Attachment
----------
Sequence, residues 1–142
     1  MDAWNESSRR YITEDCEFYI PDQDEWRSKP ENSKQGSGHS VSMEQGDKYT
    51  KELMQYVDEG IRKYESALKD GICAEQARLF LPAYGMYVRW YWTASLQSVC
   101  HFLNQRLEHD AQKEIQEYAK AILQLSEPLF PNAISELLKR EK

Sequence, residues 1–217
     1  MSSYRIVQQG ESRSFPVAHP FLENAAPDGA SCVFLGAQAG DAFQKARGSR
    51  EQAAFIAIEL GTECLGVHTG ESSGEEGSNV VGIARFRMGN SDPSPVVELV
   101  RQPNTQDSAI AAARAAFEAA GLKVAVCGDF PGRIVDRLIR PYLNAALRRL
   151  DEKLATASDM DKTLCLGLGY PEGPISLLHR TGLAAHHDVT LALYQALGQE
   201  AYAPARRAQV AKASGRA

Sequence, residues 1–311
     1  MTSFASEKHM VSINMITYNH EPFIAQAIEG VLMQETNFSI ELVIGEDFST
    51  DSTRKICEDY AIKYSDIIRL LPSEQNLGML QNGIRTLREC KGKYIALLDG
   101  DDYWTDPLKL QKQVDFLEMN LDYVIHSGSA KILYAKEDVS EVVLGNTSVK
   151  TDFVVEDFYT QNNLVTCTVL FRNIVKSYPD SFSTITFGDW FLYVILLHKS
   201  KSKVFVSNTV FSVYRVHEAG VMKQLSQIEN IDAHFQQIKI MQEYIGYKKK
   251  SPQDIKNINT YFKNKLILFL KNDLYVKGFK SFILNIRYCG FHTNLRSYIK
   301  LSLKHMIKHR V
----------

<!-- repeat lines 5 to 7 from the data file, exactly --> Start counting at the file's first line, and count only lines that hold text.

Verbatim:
Sequence, residues 1–217
     1  MSSYRIVQQG ESRSFPVAHP FLENAAPDGA SCVFLGAQAG DAFQKARGSR
    51  EQAAFIAIEL GTECLGVHTG ESSGEEGSNV VGIARFRMGN SDPSPVVELV